Recently, UCI announced that researchers had developed a hybrid human-machine framework for AI systems that can complement human expertise:
From chatbots that answer tax questions to algorithms that drive autonomous vehicles and dish out medical diagnoses, artificial intelligence undergirds many aspects of daily life. Creating smarter, more accurate systems requires a hybrid human-machine approach, according to researchers at the University of California, Irvine. In a study published this month in Proceedings of the National Academy of Sciences, they present a new mathematical model that can improve performance by combining human and algorithmic predictions and confidence scores.
The seeds for this cutting-edge work by researchers in the Donald Bren School of Information and Computer Sciences (ICS) and the School of Social Sciences were first planted decades ago. This collaboration started with Padhraic Smyth, Chancellor’s Professor in the Computer Science and Statistics Departments, and Mark Steyvers, a professor in the Department of Cognitive Sciences.
“One of the really nice things about UCI is that there’s a lot of interdisciplinary activity,” says Smyth, whose research is supported through a Qualcomm Faculty Award. “There is this culture of collaboration, so cognitive scientists come to Bren Hall to attend our AI and machine learning talks, and we go to their talks.” In fact, Smyth and Steyvers have been meeting periodically since the early 2000s. “We’d chat over coffee about our projects,” says Smyth. “We speak different languages, but we’re both interested in intelligence — just from different perspectives. Computer science emphasizes artificial, and cognitive sciences emphasizes natural, and there’s a lot of overlap.”
So when the National Science Foundation (NSF) put out a call for research related to how humans and AI work together, Smyth and Steyvers put together two proposals, both of which were funded in 2019. One grant focuses on hybrid human algorithm predictions, exploring how to balance effort, accuracy and perceived autonomy; the other grant is an assessment of machine learning algorithms in the wild. This work led to the recently published PNAS paper, “Bayesian Modeling of Human-AI Complementarity,” as announced by UCI. The paper was co-authored by Steyvers and Smyth, along with Heliodoro Tejeda, a graduate student in cognitive sciences, and Gavin Kerrigan, a Ph.D. student in computer science funded by the HPI Research Center at UCI.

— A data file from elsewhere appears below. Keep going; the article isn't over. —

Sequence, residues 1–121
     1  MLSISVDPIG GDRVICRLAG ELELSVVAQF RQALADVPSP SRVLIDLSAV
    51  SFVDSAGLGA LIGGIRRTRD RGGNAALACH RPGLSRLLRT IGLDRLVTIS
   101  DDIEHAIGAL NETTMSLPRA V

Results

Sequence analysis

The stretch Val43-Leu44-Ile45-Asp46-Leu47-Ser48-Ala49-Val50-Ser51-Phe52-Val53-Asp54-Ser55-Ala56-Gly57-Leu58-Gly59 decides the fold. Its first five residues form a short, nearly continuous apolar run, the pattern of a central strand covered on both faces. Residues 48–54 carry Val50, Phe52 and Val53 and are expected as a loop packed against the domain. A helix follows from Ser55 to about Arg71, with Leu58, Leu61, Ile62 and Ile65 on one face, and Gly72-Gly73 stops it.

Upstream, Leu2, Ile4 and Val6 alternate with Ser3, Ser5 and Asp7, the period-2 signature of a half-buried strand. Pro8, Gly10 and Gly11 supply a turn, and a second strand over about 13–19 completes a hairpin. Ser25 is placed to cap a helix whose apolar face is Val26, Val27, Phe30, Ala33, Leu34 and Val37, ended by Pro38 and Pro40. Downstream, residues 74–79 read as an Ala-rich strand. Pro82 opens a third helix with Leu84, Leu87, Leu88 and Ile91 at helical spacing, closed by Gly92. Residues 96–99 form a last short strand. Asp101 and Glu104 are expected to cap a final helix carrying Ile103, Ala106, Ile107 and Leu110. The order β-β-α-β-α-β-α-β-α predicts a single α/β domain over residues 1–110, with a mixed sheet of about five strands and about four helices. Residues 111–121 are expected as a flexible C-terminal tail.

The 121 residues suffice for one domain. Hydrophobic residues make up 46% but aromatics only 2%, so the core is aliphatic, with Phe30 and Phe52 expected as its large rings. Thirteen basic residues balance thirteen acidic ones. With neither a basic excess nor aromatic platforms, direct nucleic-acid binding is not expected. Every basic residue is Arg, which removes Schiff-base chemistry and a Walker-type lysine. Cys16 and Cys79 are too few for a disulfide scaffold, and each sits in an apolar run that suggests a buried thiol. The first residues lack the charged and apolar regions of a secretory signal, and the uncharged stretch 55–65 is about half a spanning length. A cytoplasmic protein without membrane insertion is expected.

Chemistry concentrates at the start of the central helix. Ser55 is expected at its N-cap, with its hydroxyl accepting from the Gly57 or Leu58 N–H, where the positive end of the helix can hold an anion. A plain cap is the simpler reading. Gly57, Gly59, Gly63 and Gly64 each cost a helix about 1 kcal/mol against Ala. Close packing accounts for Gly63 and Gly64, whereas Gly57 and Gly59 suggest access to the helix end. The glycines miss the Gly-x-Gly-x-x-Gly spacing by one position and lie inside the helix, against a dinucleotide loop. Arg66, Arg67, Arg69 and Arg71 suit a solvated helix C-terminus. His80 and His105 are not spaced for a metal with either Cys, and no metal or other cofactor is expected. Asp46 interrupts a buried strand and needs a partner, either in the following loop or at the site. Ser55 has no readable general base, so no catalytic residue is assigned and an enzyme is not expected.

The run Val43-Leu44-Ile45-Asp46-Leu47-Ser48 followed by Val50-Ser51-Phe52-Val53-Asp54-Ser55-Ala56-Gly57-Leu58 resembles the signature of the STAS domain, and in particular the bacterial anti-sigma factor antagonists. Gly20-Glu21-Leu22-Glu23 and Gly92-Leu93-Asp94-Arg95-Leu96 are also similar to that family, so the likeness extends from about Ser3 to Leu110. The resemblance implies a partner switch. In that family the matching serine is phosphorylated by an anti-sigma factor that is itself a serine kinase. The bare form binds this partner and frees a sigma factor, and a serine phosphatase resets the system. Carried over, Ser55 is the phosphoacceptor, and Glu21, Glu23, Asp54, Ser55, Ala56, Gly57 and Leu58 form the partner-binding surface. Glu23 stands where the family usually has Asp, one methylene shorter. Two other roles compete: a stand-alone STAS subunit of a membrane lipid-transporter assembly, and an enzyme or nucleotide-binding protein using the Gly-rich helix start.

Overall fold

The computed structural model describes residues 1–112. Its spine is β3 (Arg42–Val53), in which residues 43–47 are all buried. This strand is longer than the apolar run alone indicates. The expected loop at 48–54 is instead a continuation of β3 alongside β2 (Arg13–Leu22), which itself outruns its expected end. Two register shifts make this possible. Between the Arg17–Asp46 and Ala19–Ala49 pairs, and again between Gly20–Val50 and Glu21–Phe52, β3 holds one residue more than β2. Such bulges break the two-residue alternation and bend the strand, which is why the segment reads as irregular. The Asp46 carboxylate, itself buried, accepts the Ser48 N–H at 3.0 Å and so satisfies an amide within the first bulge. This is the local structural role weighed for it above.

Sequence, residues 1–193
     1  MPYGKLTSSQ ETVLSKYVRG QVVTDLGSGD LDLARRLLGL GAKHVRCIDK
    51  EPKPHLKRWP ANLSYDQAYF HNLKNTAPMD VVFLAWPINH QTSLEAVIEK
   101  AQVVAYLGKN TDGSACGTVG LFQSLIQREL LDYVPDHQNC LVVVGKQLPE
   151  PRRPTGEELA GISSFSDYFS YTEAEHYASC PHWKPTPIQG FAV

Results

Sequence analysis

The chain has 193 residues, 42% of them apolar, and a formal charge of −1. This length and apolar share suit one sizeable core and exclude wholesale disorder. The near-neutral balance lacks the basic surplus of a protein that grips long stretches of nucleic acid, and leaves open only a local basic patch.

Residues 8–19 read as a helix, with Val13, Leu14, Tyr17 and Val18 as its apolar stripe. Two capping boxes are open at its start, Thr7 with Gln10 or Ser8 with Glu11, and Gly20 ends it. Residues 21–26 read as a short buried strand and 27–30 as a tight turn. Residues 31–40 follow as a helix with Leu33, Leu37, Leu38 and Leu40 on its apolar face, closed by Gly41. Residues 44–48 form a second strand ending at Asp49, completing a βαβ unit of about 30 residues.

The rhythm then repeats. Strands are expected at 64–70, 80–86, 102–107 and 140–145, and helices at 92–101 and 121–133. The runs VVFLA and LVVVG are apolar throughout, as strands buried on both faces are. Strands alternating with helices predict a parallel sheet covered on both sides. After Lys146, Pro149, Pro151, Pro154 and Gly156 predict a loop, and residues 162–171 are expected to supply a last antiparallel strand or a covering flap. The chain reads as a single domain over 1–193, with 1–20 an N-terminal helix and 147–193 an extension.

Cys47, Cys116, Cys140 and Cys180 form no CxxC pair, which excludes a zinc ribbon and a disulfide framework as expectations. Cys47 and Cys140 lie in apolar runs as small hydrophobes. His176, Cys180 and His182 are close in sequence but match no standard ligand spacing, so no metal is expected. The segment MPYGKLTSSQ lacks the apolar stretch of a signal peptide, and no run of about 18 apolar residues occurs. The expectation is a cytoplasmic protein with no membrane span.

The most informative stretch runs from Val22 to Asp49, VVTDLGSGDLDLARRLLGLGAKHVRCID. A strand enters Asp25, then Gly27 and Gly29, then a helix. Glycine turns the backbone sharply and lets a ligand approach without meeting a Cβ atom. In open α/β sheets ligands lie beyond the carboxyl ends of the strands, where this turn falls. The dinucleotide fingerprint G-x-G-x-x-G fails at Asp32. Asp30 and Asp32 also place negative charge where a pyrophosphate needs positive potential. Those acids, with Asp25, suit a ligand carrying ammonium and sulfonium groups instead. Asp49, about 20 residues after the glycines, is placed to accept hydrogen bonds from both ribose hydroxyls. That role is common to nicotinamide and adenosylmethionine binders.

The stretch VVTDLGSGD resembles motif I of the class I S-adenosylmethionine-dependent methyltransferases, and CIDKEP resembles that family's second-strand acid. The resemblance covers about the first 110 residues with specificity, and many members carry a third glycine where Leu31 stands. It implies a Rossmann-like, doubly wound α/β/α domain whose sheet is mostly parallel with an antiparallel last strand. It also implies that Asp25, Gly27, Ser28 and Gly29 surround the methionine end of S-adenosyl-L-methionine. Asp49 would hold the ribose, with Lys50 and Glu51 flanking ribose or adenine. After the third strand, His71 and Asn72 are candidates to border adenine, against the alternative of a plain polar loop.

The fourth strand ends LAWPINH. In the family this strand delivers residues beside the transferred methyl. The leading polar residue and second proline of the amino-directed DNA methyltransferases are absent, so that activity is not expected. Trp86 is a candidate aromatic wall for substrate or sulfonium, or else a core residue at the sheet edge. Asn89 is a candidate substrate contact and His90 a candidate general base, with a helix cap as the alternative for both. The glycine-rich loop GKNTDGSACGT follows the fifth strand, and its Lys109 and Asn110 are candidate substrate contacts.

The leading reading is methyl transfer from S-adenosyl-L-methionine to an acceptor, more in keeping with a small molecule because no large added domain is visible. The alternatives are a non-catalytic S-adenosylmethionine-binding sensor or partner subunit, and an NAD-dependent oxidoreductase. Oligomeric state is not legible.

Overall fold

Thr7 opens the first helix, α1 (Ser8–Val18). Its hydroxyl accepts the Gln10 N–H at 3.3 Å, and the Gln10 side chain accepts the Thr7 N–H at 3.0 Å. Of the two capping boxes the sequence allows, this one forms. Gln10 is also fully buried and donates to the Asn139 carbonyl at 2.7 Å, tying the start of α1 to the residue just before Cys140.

The grants have led to other papers co-authored by Steyvers and Smyth as well. They worked with Kerrigan on “Combining Human Predictions with Model Probabilities via Confusion Matrices and Calibration,” a paper appearing in proceedings for the Thirty-fifth Conference on Neural Information Processing Systems (NeurIPS 2021), and they worked with computer science Ph.D. students Disi Ji and Robby Logan on “Active Bayesian Assessment of Blackbox Classifiers,” a paper appearing in proceedings for the Thirty-fifth AAAI Conference on Artificial Intelligence. “This line of work is part of a larger collaboration with about five or six Ph.D. students,” says Smyth.
One of those students is Markelle Kelly, a computer science graduate student who last summer received a fellowship through UCI’s Steckler Center for Responsible, Ethical, and Accessible Technology (CREATE). This year, Kelly was awarded a fellowship through the Irvine Initiative in AI, Law, and Society. Both the center and initiative are helping facilitate this interdisciplinary work.
“The human-machine collaboration between the cognitive sciences and computer science departments explores questions about how people and machines can work together as a team,” says Kelly, who is currently investigating how humans and AI can understand the strengths and weaknesses of each other to better delegate tasks. “By working alongside cognitive science researchers, I can better understand theories about the human side of this problem, and incorporate these ideas into potential solutions. The resulting cross-disciplinary experiments and findings are founded on a much more nuanced perspective than if only machine learning experts were involved.”
Smyth agrees. “Computer science historically has been a little bit averse to getting humans in the loop, but I think AI and machine learning researchers now realize that, although our algorithms have been developed and tested in our labs for a decade or two without attracting much attention, they are now being widely applied to address real problems involving real people,” he says. “As a consequence, getting students, early in their career, involved in these kinds of interesting projects and in discussions related to how AI is being used will help ensure AI is used more responsibly.”
— Shani Murray